Wednesday, February 17, 2016

How Big is the U.S. Debt?

 Economics: How Big is the U.S. Debt?” presented by Learn Liberty. How do you feel the government should be spending or saving money? Let us know in the comments below. Learn More:

Larry Summers: "It’s time to kill the $100 bill"

Lawrence H. Summers, the Charles W. Eliot university professor at Harvard, formerUSTreasury Secretary and former director of the National Economic Council, in a column at The Washington Post tiled, It’s time to kill the $100 bill, is calling for the banishment from circulation of the US $100 bill.

He writes:
Harvard's Mossavar Rahmani Center for Business and Government, which I am privileged to direct, has just issued an important paper by senior fellow Peter Sands and a group of student collaborators. The paper makes a compelling case for stopping the issuance of high denomination notes like the 500 euro note and $100 bill or even withdrawing them from circulation.
The evil statist paints it as somehow a fight to protect ordinary citizens:

 [A] global agreement to stop issuing high denomination notes would also show that the global financial groupings can stand up against “big money” and for the interests of ordinary citizens.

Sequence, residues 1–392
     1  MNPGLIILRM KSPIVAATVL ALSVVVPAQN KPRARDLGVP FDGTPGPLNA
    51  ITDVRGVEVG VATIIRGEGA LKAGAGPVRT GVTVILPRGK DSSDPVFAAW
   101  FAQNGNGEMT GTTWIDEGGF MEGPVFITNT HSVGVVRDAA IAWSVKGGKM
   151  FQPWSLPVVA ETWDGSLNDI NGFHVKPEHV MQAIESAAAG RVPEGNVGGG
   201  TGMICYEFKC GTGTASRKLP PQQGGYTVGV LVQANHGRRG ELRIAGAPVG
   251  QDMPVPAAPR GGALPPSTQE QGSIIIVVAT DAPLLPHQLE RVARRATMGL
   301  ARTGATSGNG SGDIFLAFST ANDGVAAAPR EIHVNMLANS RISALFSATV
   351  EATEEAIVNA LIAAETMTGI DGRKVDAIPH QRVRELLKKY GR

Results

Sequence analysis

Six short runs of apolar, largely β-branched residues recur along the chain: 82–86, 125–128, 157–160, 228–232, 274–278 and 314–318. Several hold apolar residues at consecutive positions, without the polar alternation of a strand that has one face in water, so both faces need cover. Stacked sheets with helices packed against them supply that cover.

Make no mistake about it, this is about making it difficult for individuals to conduct large size transactions in cash. It is part of the war on cash by governments so that all transaction can be tracked by governments.


Saudis and Russia agree oil output freeze, Iran still an obstacle

File picture of Saudi Arabian Oil Minister al-Naimi talking to journalists before a meeting of OPEC oil ministers at OPEC's headquarters in Vienna
Saudi Arabian Oil Minister Ali al-Naimi talks to journalists before a meeting of OPEC oil ministers at OPEC's headquarters in Vienna in this file picture taken December 4, 2013. REUTERS/Heinz-Peter Bader/Files
By Rania El Gamal and Tom Finn
DOHA (Reuters) - Top oil exporters Russia and Saudi Arabia agreed on Tuesday to freeze output levels but said the deal was contingent on other producers joining in - a major sticking point with Iran absent from the talks and determined to raise production.
The Saudi, Russian, Qatari and Venezuelan oil ministers announced the proposal after a previously undisclosed meeting in Doha. It could become the first joint OPEC and non-OPEC deal in 15 years, aimed at tackling a growing oversupply of crude and helping prices recover from their lowest in over a decade.
Saudi Oil Minister Ali al-Naimi said freezing production at January levels - near record highs - was an adequate measure and he hoped other producers would adopt the plan. Venezuelan Oil Minister Eulogio Del Pino said more talks would take place with Iran and Iraq on Wednesday in Tehran.
"The reason we agreed to a potential freeze of production is simple: it is the beginning of a process which we will assess in the next few months and decide if we need other steps to stabilize and improve the market," Naimi told reporters.